Brexit and trade: Implications for Wales

Opinion piece (House of Commons)
11 December 2020

In his evidence to our inquiry, Sam Lowe, Centre for European Reform, also emphasised the importance of a trade agreement with the EU, in particular for agriculture, as high tariffs would apply to beef, lamb and other areas if trading with the EU on WTO terms: We just have to be blunt about it. The EU agreement is incredibly important to Welsh agriculture. If you look at where exports currently go, it is largely the European Union [ … ] If you look at some of the modelling on pricing, if there is a WTO Brexit you would expect the price of lamb the UK to collapse. That could be good for consumers in the short run, but that is because they are going to have difficulty selling into the EU, so it is going to get dumped on the UK market. Or to combat that you are going to have to just slaughter the sheep.

...Sam Lowe, Centre for European Reform, told us that the UK’s current customs infrastructure “is not large enough yet to cope with the demand”, and that there is “probably not quite enough time, if they want to deal with it themselves, to train up their own people

...Sam Lowe, Centre for European Reform, was unsure whether businesses are prepared for new regulatory processes, and that the implications of the border operating model “has completely cut through”.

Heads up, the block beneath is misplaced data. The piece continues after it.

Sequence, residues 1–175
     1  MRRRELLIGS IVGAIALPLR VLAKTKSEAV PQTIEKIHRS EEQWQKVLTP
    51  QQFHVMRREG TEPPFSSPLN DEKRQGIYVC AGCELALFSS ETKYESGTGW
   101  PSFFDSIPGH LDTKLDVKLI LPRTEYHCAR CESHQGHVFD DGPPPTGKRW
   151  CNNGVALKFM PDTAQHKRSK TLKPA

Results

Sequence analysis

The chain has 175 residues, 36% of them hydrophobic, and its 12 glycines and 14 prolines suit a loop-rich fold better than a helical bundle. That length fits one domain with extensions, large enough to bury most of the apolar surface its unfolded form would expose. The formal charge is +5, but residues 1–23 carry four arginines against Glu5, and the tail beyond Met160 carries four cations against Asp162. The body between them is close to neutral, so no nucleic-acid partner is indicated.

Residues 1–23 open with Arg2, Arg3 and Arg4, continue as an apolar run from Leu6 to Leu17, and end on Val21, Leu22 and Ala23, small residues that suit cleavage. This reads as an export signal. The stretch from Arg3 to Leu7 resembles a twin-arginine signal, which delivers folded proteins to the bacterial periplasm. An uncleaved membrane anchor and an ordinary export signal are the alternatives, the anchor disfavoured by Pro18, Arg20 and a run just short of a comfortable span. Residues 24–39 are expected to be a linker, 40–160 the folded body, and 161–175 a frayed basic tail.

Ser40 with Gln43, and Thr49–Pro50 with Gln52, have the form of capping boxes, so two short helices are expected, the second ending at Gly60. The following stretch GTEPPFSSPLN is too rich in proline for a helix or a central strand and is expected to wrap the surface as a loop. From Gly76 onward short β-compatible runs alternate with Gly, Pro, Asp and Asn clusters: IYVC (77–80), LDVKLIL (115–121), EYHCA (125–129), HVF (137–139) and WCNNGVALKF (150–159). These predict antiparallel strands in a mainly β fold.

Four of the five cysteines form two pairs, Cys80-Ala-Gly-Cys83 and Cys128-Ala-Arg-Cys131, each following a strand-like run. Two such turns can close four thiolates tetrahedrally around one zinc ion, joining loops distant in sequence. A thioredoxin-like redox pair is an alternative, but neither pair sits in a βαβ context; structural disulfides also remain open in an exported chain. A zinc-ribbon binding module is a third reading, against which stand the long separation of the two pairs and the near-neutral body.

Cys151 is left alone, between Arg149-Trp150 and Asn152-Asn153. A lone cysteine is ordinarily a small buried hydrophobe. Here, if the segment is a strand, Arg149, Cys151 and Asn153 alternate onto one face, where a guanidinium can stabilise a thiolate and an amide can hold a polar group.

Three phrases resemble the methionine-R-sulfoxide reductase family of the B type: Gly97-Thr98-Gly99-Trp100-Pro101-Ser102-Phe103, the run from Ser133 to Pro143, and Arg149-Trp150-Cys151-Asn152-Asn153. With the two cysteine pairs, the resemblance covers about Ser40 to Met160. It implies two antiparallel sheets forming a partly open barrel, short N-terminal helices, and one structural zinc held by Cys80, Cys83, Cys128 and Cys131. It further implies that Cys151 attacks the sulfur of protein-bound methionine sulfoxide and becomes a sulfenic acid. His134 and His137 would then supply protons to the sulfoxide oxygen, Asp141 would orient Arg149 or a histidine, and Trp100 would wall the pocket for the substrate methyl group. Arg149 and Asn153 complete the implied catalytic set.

...Sam Lowe, Centre for European Reform, suggested that major exporters based in Wales were predominantly foreign owned and formed part of a pan-EU supply chains, and therefore sustaining this investment in Wales should be considered in future trade negotiations. He added that New Zealand is currently not making use of some capacity it has to export to the UK. He doubted a “big influx” of lamb would enter the UK from New Zealand in the event of securing a trade deal, which should allay the concerns of Welsh farmers that their produce would not be sidelined.

... Sam Lowe, Centre for European Reform, stated that an FTA with Japan would be “important for some businesses in Wales” as they are Japanese owned.140 Shanker Singham, Competere, said that the Japan agreement is part of an “overall trade policy” that includes Australia, New Zealand and the US.

... Sam Lowe, Centre for European Reform, agreed that removing the restriction would provide a new market for Welsh sheep farmers. NFU Cymru raised concerns that trade interests in markets such as the US are “fairly modest owing to historically low consumption of lamb in the US”.

... Sam Lowe, Centre for European Reform, suggested that Welsh farmers are “overly exposed” to the EU market, which creates challenges for resilience.

...Sam Lowe, Centre for European Reform, raised concerns about food safety and standards, in particular sanitary and phytosanitary issues related to a US trade deal: The UK has decisions to make here, because if the UK wants a trade agreement with the US, my view is it will have to concede on hormone beef and chlorinated chicken. That is the only way it gets done because that is just not something that gets through Congress. The UK could hold the line on medical pricing and lots of other things. Sorry, that is going to have to change. That is a decision that has to be made. It is a domestic decision: is that something people want to change? He added that Wales could regulate “to a higher degree”, but any regulation “would not be able to prevent goods entering Wales from the rest of the UK on that basis”.

Full report available here